It's hard for me to just embrace that idea, you know, like this whole thing is the reason why I have, like, a positive net worth right now, you know? So, you know, instead of knowing that, you know, the bank is going to be asking me for more money, you know, being upside down or something like that. But then also the other thing is it's very true. What you guys mentioned is that, you know, it feels like I have a raise now because now that I've learned to budget now and know how to plan for my money, I mean, I'm not rich, obviously, but I definitely feel like there's a lot more than I can afford now.


And I know that, Dave, you say, you know, right now you're better than you deserve, but right now I feel like I can afford what I deserve now. And so that's really like. Yeah, that's how it feels right now. It's a sense of power. That's that's very good. Good for you.


I like that statement we made. We made it so that I can afford what I deserve. Yeah, I like that. Yeah. And if you can't afford it, you don't deserve it.


Definitely. Yeah. That's good man. Well done. Well done. So the credit cards are all cut up.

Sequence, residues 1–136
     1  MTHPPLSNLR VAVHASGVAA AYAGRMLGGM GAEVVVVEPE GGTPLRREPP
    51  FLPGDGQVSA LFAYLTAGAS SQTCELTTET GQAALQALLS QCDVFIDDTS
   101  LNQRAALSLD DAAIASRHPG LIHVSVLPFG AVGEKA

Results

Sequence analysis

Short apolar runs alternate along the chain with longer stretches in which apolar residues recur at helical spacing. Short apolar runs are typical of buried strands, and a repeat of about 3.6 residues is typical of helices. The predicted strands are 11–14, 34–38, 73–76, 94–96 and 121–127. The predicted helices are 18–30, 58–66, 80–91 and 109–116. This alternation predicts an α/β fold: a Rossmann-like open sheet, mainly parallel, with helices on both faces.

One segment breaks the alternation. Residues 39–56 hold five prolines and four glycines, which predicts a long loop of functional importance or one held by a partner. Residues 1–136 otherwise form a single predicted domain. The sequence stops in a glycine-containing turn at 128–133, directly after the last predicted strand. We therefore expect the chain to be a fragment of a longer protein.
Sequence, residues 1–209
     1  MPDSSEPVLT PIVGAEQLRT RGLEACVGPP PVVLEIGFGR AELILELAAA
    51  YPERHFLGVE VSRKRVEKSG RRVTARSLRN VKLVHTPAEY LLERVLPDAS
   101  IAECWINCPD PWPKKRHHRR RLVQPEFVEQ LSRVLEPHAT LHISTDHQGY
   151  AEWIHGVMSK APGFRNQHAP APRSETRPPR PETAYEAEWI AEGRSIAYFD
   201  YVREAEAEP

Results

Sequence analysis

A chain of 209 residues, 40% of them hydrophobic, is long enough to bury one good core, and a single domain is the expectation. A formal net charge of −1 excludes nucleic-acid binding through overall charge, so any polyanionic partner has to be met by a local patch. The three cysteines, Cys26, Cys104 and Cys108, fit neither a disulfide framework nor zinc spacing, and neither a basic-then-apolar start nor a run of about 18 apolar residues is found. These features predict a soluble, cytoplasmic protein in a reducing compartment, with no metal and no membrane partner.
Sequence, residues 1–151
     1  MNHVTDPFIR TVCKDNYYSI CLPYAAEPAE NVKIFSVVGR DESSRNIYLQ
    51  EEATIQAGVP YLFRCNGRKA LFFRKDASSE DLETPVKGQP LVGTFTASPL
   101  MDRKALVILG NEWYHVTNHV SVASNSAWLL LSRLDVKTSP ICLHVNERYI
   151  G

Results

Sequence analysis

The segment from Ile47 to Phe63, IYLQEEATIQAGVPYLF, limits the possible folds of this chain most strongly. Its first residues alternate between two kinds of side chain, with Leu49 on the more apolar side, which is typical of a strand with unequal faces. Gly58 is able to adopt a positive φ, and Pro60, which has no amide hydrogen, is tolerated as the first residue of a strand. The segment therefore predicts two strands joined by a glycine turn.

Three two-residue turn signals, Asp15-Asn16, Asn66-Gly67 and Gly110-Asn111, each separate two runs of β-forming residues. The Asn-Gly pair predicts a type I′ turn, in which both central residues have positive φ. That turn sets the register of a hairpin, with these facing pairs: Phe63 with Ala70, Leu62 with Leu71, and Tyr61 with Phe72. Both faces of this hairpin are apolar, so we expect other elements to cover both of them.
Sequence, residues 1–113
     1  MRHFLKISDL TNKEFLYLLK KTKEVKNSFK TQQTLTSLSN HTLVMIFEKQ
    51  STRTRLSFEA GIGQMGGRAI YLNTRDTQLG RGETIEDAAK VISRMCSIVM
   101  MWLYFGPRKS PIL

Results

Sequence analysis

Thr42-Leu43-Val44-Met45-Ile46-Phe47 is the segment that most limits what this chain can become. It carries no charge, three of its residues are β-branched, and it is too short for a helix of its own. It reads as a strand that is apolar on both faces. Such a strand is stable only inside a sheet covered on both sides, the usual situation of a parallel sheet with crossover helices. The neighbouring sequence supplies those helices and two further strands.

Mm hmm. Well you ever go back in debt. Oh no. I was, it was great because I planned this whole trip with, with my debit card and then also I made sure to go dollar to get my my car rental. And I did it with a debit card. So it felt, you know, it felt really nice to know that I was still secure with a debit card, just like you said.


And when you go into the Nashville airport with Dollar, with us endorsing them, they definitely know what's going on. And they got it. They got to figure it out for sure. They're so well done, guys. Well done. And I'm proud of you. That's just beautiful.


We've got a copy of Chris Hogan's book for you every day, millionaires. And that's the next chapter in your story for real. And we're very well done. Proud of you.


Yeah. Thanks, Dave. If you don't mind, I'd like to like to thank my biggest cheerleader, actually. Who's that? So my biggest cheerleader is about my now fiancee, Monica.


Who? The trip all the way out here to Nashville with me. All right, it's actually funny because I was maybe like a year into, you know, the plan and I was trying to go Dave ish instead by creating a sinking fund to actually save for her engagement ring. And then when she found out about that, she's like, what would Uncle Dave say? And then, oh, like, OK, I'll I guess I'll just throw that actually towards my dad.


And that's the reason why I was able to get out faster than I originally planned.